The first topic is the matter of yeast. Yeast is a single cell organism
 that eats sugar and produces carbon dioxide gas (CO2) and alcohol. There
 are many different varieties of yeast. Some metabolize or digest the sugar
 available to themselves more quickly, they are quick or instant yeasts.
 Some produce different ratios of gas, alcohol and acid compared to others.
 The nature of yeast and its variety was recognized by Louis Pasteur around
 1860. Not very long ago, considering that yeast had been used for 5,000
 years before that time. The best yeast we have ever tested in our own
 laboratory for use with ABMs, is that made by LeSafre, Co., in France. The
 same company that was established to produce and market yeasts which
 Pasteur, himself had identified. This SAF yeast is the most popular for
 commercial use in the world. It has not been available to the public but we
 have it for sale at reasonable prices.
 
 The most common questions about yeast are:
 
         1. How much should I use? Our tests indicate that 1/2 tsp per cup
 flour is suitable for SAF Instant French Yeast, when the bread is to be
 baked in an ABM on the regular cycle. 3/4 tsp per cup flour is suitable for
 the quick cycle.
         2. How do I store yeast? Stored properly, yeast can have a very
 long life (at least four years!) The arch enemy of yeast is water! It
 should be stored in absolutely dry, airtight containers. Measuring spoons
 should not be placed into the containers but the yeast should be poured out
 into smaller containers or measuring spoons. When a vacuum packed package
 of yeast is opened, a small amount should be put into a small container for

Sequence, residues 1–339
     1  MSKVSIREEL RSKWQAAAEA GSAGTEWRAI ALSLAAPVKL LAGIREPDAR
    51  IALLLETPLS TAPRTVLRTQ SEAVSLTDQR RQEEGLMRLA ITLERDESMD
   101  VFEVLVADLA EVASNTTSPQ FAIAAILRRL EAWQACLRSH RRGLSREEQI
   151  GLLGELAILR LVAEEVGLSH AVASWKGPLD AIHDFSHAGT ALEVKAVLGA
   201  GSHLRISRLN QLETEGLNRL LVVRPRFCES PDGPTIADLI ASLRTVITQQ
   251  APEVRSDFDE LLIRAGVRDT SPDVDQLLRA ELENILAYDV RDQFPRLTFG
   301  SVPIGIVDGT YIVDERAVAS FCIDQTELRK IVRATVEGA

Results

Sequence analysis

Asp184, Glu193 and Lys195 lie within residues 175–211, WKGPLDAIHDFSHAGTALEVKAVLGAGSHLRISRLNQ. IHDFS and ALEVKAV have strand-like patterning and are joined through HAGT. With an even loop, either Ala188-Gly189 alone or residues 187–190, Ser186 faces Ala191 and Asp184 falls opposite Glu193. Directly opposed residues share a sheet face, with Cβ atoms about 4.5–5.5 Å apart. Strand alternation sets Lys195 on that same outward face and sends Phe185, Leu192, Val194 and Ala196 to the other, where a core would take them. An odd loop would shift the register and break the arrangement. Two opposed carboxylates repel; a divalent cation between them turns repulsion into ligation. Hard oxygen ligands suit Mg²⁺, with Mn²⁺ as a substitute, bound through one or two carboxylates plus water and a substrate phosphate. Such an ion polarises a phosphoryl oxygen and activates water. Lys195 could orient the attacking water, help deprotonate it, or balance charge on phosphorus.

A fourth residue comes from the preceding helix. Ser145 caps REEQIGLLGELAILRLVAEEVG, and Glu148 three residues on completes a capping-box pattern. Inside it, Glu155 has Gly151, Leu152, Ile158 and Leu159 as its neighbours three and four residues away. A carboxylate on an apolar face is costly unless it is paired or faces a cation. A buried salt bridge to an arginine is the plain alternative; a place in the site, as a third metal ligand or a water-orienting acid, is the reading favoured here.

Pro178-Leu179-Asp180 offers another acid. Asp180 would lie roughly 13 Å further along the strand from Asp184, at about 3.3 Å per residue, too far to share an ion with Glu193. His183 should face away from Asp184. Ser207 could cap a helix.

daily use, tightly sealed and put into the refrigerator. The rest of the
 package should be put into a sealable container that is the right size to
 store the rest in the freezer. The object is to keep the air space to a
 minimum. Use the yeast from the refrigerated container and open it long
 enough to measure the yeast and return it to the refrigerator. When the
 small container needs to be refilled, Allow the container from the freezer
 to come to room temperature before opening it! Open it and pour the yeast
 into the small container. Re-cover both cont
 ainers and return them to their respective locations.
         3. Will my breads rise higher if I add more yeast? Generally not!
 The bread rises because the gas produced by the yeast forms bubbles in the
 dough. The amount of gas produced is determined by how much sugar is
 available for the yeast to convert to CO2. The amount the bread rises is
 determined by how strong the dough is and whether it is able to retain most
 of the gas produced.
         3. Are some brands better than others? In a given application, our
 testing has indicated that some yeasts are distinctly better than others.
 We found that Red Star was much better than Fleischmann’s in the Zoji S-15.
 It produced more uniform bread, cost less and produced a better aroma. When
 we were encouraged to evaluate SAF Instant French Yeast, we found it to be
 superior to all other yeasts we had tested. It cost a little more than Red
 Star, (mostly because of shipping charges) but the rise, texture,
 uniformity, aroma and price, made it the best yeast we had ever tested. As
 a result we arranged to get the commercial package for our customers.